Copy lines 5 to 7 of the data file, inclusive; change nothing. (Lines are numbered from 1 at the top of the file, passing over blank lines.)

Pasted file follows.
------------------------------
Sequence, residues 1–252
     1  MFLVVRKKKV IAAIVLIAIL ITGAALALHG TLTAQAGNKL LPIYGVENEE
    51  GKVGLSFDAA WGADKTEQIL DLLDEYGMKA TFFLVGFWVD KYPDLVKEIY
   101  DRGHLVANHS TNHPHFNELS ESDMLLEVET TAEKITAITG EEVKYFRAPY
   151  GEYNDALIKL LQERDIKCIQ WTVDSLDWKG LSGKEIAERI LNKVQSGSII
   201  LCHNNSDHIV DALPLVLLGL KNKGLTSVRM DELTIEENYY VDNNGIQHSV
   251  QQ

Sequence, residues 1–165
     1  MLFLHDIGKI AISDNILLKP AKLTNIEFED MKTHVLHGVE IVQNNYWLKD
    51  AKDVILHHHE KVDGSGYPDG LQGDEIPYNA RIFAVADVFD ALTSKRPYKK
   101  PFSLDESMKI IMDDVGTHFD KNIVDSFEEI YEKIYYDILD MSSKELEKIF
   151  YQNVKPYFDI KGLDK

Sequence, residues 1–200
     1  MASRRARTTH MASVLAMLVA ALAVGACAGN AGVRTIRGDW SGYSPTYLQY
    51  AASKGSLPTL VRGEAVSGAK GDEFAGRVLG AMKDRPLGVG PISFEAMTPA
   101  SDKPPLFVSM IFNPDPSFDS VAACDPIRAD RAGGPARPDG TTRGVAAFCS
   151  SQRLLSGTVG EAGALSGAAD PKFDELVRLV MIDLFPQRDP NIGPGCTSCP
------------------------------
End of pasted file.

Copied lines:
   151  GEYNDALIKL LQERDIKCIQ WTVDSLDWKG LSGKEIAERI LNKVQSGSII
   201  LCHNNSDHIV DALPLVLLGL KNKGLTSVRM DELTIEENYY VDNNGIQHSV
   251  QQ